Colin Craig’s Whaleoil Approved/ Disapproved Policies

Colin Craig is featured in the Sunday Star Times in an article by Andrea Vance. They look at his top ten policies.

Lt’s run my rule over them and look at what is crazy and what is acceptable.

Craig’s List [WO: Haha, most voters won’t get that joke]

Who are the Conservative Party – and what do they believe? Steve Kilgallon comes up with 10 of their more interesting policy platforms:

1. Spending beyond their means: Leader Colin Craig says he’d like to match Australia’s defence spending at a “percentage level”. According to the Stockholm International Peace Research Institute’s figures, Australia’s defence budget is US$26.1 billion. Ours is $1.358 billion. If Craig’s sums are based on GDP, it means an extra $1.55 billion; if it’s on population, it means another $4.87 billion. Either way, it’s a lot of guns.

More Guns, but what is he going to cut to fund everything else? A bit gay.

2. If it wasn’t immediately obvious, more guns: Craig would consider introducing national service in return for free tertiary education. And let everyone else have a gun too: the right to bear arms, and the “Castle Doctrine” (basically, the right to shoot burglars).

First bit hasn?t been costed so totally gay. The Castle Doctrine should be a bottom line. I am a big supporter of the right to bear arms and the right to defend your house.?

3. Freedom of choice: a powhiri or a cup of tea (no confirmation on presence or otherwise of gingernuts): Craig, after the outcry when a visiting Danish MP felt intimidated by a powhiri: “Not all visitors to New Zealand are impressed by a bare-bottomed native making threatening gestures . . . if guests choose not to be welcomed in this way, I’m sure a handshake and a cup of tea would go a long way.”

A trivial kind of redneck policy but one that middle New Zealand will like. Clearly aimed at the racist NZ First elements.

4. Keep on burnin’: Climate change isn’t our fault. Instead, says Craig, volcanoes and sun flares are to blame. “Globally, our influence on temperature is very, very small. New Zealand’s influence is infinitesimally small.” Therefore, as night follows day, they would scrap the emissions trading scheme.

Good onya Colin. Sensible removal of a pointless policy that achieves nothing and never will.

5. Freedom to rot your teeth: Fluoride, says Craig, is “a poison put in the water supply supposedly to improve dental health. No medical treatment should ever be given to a person without their explicit permission.” Here, he notes the vital impression on medical science made by the good councillors of Hamilton, who voted to remove this poison from municipal water (it was overturned in a recent referendum).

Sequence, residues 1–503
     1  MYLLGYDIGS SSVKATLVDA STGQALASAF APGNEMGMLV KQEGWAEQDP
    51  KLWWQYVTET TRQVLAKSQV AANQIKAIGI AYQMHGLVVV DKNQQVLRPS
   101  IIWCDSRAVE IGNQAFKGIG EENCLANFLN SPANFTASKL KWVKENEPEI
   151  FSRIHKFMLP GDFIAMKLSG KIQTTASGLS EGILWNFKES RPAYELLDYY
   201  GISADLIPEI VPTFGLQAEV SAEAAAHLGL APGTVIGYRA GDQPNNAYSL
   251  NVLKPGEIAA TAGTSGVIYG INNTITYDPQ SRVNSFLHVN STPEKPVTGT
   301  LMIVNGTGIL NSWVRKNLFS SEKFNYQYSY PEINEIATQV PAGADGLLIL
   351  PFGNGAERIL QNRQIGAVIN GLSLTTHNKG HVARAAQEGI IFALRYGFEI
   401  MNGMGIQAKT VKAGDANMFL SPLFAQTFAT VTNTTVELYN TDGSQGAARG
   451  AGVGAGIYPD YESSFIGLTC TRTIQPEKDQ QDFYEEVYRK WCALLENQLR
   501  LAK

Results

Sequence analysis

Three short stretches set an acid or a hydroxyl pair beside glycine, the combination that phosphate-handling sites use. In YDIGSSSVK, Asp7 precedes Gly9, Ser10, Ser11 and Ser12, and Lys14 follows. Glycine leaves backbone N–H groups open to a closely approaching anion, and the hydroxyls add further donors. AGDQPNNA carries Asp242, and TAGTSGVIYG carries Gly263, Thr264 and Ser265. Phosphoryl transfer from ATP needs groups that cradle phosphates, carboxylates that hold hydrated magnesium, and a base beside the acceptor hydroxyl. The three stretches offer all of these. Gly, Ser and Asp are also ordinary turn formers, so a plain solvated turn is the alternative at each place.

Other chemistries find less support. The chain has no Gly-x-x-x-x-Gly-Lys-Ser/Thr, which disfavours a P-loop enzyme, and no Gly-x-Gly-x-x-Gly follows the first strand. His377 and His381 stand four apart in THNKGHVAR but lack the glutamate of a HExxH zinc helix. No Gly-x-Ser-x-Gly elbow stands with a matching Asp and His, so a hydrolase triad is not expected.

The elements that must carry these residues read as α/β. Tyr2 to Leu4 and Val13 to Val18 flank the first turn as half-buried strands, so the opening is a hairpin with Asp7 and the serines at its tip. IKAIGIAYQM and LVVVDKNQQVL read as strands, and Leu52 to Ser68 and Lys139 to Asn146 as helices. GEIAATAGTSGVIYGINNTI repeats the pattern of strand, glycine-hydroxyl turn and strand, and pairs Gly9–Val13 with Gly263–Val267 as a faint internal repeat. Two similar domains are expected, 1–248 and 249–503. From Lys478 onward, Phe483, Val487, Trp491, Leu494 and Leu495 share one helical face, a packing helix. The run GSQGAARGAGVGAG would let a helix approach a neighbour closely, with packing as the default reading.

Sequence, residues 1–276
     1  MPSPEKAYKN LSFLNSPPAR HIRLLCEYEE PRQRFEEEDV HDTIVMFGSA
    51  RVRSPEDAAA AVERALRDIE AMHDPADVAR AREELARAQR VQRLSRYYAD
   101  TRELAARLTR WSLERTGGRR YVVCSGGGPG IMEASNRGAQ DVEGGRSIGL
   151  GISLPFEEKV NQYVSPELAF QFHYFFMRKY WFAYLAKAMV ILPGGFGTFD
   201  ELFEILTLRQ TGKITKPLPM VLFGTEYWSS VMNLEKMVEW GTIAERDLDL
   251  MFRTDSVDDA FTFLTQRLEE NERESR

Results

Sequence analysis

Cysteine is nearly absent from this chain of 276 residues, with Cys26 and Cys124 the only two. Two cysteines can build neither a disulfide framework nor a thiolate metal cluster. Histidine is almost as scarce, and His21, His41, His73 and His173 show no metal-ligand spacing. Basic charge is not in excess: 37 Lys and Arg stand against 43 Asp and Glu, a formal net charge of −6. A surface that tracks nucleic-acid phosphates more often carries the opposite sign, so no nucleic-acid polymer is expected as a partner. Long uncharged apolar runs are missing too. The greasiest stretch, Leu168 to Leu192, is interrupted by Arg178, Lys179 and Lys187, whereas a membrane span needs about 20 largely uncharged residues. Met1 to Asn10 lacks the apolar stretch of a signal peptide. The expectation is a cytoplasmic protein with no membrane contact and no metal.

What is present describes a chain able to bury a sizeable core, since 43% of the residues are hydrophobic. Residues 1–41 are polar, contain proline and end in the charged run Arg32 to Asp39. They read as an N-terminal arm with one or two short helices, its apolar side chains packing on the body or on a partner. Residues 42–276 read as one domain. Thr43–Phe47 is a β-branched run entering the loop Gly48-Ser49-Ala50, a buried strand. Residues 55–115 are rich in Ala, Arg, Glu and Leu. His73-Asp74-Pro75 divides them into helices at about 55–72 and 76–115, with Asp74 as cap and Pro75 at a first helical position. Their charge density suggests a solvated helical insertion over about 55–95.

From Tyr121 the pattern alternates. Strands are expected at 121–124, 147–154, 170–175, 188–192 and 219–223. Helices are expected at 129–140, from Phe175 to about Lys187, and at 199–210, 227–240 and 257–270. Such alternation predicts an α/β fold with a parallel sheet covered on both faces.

This is stupid, actually stupid is too kind…this is batshit crazy. Perhaps he should ahve made it more crazy by getting homeopaths to treat the water with homeopathic fluoride.

Fluoride is conservative because it saves money because it protects the state from having to pay for massive dental work. So far four out of five of these policies have cost the taxpayer massively…hardly conservative when it comes to profligate waste.

6. Grow yer own, toddlers: “I am 100 per cent behind schools teaching children how to raise/tend a garden.”

This is the kind of trivial, irrelevant policy that National will easily agree to so they can disagree on sensible, substantial policies that the Conservative Party really believe in.

7. Investment in paper shredders: “Governments are prone to making unnecessary and sometimes quite ludicrous laws. I have a personal goal to scrap more legislation than I approve.”

Good onya Colin. Again not a conservative policy, more a libertarian, but one I can happily live with.

8. Close yer legs. It’s cheaper: Craig, in April 2012: “We are the country with the most promiscuous young women in the world. This does nothing to help us at all.” This may go hand in hand with dumping the “frankly terrible” Working for Families.

Scrapping middle class welfare used to be a National Party principle, before they sold out to hold power at all costs.

9. Binding citizens-initiated referendums and a 100-day delay on initiating legislation to allow it to be overturned by the public: A deal-breaker in any coalition. “Although other parties might not like the idea much, if it is a choice between government or not, I expect them to be receptive to the idea,” Craig said. This appears to be a not-so-sneaky way to make gay marriage illegal again.

Repealing the Poofter Marriage Law will never pass at a referendum, so why waste political capital on it. I also abhor politicians who don’t have the guts to make their own decisions and instead prefer to hide behind BCIR. It is gutlessness to the extreme and given the propensity for low turn outs runs the risk of governments always being second guessed by lunatics.

10. And a few other things too: Closing the Waitangi Tribunal; work for the dole; a lot less tax: a tax-free threshold of $25,000 and a flat rate of $20,000; cutting the education department budget by 50 per cent and giving half the saving direct to schools.

Solid policies some of which cost them credibility, but they say they have principles…let’s see how long these principles last when no one will deal with them, especially over the insane fluoride and BCIR policies.